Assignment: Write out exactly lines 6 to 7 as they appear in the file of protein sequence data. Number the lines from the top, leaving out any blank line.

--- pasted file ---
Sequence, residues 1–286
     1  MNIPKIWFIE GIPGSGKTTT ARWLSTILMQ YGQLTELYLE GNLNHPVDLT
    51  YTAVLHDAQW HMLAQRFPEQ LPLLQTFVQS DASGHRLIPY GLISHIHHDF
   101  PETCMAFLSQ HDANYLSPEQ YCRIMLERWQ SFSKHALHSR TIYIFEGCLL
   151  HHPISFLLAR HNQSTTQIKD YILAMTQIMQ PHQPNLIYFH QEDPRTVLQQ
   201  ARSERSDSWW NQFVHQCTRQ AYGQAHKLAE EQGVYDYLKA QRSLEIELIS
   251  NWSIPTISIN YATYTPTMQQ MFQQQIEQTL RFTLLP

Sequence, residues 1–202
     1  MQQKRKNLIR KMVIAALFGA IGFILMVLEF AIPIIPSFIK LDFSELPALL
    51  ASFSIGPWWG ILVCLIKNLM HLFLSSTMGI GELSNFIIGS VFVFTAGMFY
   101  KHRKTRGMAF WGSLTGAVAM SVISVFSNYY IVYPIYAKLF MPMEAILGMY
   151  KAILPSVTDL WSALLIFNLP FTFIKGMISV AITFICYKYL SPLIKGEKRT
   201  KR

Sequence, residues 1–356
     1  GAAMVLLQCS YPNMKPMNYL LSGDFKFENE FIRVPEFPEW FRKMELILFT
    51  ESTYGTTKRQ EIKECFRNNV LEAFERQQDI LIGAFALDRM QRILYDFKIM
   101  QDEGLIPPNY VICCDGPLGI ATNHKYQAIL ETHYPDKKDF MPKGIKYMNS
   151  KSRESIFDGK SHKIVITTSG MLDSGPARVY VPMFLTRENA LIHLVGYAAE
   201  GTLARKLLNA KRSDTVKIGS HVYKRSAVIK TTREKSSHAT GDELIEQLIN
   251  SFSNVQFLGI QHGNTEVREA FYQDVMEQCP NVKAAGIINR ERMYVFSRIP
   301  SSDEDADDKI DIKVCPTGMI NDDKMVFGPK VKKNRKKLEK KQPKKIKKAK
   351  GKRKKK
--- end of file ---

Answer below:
   201  ARSERSDSWW NQFVHQCTRQ AYGQAHKLAE EQGVYDYLKA QRSLEIELIS
   251  NWSIPTISIN YATYTPTMQQ MFQQQIEQTL RFTLLP